Many around New Orleans know him as the funky Dino Brawl, but in the world of music composition, he’s known as Austin Thompson the composer making waves with the first-ever electronic percussion composition for music education. He already has two composition publications under his belt and was influenced to merge his two musical passions by creating a piece specific to electronic music.
We took a little time to talk with the multi-faceted musician on his new publication and his upcoming show River Beats presents Manic Focus (LIVE) + Marvel Years, & Daily Bread.
What influenced you to work on an EDM percussion piece?
“I have been wanting to do something like this for a while. In today’s world, you can do anything you want with percussion.
I have played everything from drums and keyboard instruments to even wine glasses and branches and leaves. Sample pads to trigger electronic sounds and patches in all music is more and more common these days and I think more percussion will begin to feature electronic elements.”
How is this piece different from your other percussion works?
“My other two published pieces are standard percussion ensemble pieces. They incorporate instruments that can be found in almost any band room. Hidden Village is designed for Middle School percussionist and Drifting in Time is designed for High Schoolers. Each of those pieces is used in education, but this new one has some added layers. The 6 parts can be played as solos or together as an ensemble piece. They can also be played in any combination depending on how many people you have. The electronic track adds enough layers to compliment any number of percussionists.
Each of those pieces is used in education, but this new one has some added layers. The 6 parts can be played as solos or together as an ensemble piece. They can also be played in any combination depending on how many people you have. The electronic track adds enough layers to compliment any number of percussionists.”
What is the process for creating a percussion piece?
“When you are writing a percussion piece there are a lot more limitations. The difficulty of the parts and the instruments you use affect the accessibility of your piece. I am also typically designing pieces for education or purely for artistic expression.”
How is it different from your creative process as Dino Brawl?
“Dino Brawl is a lot more about the audience. I am playing music I love but I also want them to have a good time with this.
My work as a composer is designed to challenge the audience or the performer, but my work as a producer and a DJ is to create an enjoyable environment for as many people as possible. This new work is still a challenge to the performer, but it is also a lot of fun.”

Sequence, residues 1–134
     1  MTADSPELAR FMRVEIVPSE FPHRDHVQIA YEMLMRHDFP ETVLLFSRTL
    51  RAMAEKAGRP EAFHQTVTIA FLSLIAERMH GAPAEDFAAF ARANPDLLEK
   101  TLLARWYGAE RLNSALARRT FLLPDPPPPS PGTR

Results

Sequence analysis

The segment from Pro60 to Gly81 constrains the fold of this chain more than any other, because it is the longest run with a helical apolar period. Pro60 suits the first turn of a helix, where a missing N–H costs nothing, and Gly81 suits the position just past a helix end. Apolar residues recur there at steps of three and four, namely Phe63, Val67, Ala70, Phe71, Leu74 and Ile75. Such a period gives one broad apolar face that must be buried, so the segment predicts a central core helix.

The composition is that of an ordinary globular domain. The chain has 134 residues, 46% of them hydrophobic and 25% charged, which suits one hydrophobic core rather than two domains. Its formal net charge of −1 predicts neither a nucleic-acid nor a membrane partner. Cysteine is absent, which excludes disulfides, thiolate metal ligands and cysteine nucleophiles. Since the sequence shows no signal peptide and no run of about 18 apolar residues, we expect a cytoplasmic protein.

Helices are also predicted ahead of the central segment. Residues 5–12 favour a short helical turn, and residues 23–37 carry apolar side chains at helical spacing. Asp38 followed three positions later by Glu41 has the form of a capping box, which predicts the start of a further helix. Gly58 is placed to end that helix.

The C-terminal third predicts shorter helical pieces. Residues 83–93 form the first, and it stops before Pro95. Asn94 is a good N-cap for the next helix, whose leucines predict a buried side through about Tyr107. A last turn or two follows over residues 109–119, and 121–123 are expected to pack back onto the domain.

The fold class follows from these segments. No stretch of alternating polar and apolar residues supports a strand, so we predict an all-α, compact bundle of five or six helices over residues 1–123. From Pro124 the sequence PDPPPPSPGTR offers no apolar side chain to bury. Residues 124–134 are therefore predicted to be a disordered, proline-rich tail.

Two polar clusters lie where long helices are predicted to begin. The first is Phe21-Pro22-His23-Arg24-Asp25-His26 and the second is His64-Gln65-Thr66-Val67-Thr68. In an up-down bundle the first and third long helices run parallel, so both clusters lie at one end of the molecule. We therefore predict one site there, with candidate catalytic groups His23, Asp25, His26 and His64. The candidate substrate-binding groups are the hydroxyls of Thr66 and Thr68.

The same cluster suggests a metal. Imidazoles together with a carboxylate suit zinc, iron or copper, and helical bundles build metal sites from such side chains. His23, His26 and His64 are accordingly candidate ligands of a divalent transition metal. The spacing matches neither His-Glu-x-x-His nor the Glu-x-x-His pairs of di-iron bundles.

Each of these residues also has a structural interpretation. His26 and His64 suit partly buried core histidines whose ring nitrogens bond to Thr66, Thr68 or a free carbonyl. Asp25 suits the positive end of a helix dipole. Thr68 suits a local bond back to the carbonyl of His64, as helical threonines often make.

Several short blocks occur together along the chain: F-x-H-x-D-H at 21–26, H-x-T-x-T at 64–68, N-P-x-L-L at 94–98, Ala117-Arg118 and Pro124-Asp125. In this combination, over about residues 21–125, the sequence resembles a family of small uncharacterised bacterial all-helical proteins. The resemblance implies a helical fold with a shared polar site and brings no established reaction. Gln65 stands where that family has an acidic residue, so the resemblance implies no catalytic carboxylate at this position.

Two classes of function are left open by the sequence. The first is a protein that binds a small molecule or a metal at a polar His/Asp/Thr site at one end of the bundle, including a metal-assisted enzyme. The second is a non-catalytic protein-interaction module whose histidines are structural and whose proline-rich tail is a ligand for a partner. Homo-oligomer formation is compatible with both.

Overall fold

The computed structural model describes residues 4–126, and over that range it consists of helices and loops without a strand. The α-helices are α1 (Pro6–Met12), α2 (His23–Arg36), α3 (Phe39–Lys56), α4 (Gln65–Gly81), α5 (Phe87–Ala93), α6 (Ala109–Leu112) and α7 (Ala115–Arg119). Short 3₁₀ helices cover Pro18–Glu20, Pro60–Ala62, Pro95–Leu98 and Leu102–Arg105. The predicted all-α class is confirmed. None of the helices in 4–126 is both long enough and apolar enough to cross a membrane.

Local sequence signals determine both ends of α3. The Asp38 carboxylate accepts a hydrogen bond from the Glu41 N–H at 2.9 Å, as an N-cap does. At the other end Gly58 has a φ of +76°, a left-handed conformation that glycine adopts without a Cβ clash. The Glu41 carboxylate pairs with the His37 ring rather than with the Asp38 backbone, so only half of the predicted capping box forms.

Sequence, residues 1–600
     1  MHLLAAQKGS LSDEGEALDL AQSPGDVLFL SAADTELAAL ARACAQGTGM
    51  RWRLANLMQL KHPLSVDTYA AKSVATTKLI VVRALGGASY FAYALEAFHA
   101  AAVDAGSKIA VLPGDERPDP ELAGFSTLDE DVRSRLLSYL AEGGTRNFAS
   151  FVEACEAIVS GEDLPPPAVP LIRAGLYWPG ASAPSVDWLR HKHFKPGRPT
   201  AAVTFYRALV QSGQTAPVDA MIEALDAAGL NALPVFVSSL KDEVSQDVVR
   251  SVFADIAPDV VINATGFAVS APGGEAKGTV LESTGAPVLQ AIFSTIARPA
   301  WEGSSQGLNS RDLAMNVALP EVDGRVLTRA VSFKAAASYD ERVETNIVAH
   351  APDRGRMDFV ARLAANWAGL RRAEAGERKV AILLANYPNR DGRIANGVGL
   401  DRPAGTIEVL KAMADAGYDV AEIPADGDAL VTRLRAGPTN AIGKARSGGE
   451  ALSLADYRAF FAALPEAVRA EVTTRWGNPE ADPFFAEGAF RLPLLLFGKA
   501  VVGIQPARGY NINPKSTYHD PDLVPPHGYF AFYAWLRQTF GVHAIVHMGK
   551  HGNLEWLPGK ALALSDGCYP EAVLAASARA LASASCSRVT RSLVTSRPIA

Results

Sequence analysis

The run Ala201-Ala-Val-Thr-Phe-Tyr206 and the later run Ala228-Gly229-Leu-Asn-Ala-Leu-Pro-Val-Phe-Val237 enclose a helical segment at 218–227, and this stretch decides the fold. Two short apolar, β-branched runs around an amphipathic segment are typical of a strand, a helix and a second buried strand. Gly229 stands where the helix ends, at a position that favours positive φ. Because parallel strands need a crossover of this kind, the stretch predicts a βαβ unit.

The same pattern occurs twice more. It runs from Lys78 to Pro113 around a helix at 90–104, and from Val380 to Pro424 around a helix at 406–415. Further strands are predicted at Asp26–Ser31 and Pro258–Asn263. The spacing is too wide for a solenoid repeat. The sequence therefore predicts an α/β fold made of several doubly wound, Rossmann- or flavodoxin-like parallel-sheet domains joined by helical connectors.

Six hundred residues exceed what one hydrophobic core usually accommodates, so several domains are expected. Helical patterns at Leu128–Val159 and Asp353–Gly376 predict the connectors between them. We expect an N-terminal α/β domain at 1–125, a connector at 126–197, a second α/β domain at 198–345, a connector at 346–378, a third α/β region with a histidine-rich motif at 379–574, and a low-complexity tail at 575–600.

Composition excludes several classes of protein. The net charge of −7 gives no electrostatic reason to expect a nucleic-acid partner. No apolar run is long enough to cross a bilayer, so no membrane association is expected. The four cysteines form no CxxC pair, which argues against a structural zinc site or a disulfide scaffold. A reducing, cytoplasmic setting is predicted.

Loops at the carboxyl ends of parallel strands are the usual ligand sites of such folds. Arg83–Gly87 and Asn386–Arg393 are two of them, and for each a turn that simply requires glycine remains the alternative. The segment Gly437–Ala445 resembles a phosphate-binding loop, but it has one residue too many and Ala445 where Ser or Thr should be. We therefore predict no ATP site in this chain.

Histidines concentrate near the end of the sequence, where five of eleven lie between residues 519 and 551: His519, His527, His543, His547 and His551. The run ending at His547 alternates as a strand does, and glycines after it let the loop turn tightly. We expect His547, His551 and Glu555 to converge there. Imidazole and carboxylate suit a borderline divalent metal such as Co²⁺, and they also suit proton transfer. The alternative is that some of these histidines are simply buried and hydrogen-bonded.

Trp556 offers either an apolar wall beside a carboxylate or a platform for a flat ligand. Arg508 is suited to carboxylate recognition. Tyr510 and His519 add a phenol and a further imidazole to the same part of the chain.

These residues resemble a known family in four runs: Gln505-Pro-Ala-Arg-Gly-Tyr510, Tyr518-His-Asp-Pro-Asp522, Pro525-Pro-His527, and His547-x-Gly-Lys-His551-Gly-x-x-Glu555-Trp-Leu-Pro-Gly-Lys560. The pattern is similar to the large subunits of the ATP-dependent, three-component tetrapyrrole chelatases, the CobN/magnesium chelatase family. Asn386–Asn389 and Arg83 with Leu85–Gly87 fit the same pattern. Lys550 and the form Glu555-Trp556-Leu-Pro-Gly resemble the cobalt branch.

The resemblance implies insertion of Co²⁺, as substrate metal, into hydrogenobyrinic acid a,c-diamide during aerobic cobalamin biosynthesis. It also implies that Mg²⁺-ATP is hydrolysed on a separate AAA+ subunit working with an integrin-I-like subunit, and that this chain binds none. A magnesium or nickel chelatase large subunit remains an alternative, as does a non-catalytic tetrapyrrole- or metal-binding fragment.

How does being a composer play into other aspects of your music?
“Everything I do in music allows me to look at music and life from different perspectives. I work as a teacher, a performer, a promoter, and a composer all within music. I’m grateful for all of those outlets because I get to use music to connect with a wide demographic of people and learn from all of them.”
What does it feel like to be putting out something that has never been done before?
“It’s extremely nerve-wracking. You have nothing to compare it to and you have no idea how it will be received.
My move towards electronic music from classical music was certainly laughed at by some, but I feel this combination of styles and elements is really exciting, The track is fun to play along to and listen to, but at the same time, it’s creating an incredible environment for students to push themselves and learn.”
You’ve incorporated a lot of live aspects into your Dino Brawl performances, why is that important to you? What do you feel it adds?
“It’s important to me because it keeps things fresh for me and the audience. In some ways, It can make me limited because I am choosing tracks the band knows or we have played before, but they are always adding something new to it.
I am also constantly using new members. I don’t think I have ever had the exact same lineup twice. I love that it allows for solos and huge harmonic sections from the trombone and the synth can add these massive bass patches. solos and harmonies as well.”
You’re set to play the upcoming Manic Focus show, are you planning anything special?
“I’m very excited to have my friends, John Mann and Nick Garrison playing with me. John plays synth and he is there for most of my shows, but Nick is on the road a lot and he’s not always in town. This is my core band and we always have amazing shows together. I lived with both of them for years so playing music together is second nature.
I am also excited because this lineup is a dream come true.
I’ve played a few shows with Daily Bread and it has been amazing watching him blow up. It is my second show with Manic but my first with the band and I am so stoked to finally see Marvel Years. I have loved his music for years. I also love working with River Beats. This will be our third show together.”
How would you describe the show in one word?
Catch Dino Brawl opening for River Beats presents Manic Focus (LIVE) with Special Guest Russ Liquid + Marvel Years + Daily Bread on April 27 at Republic NOLA. Snag your tickets here.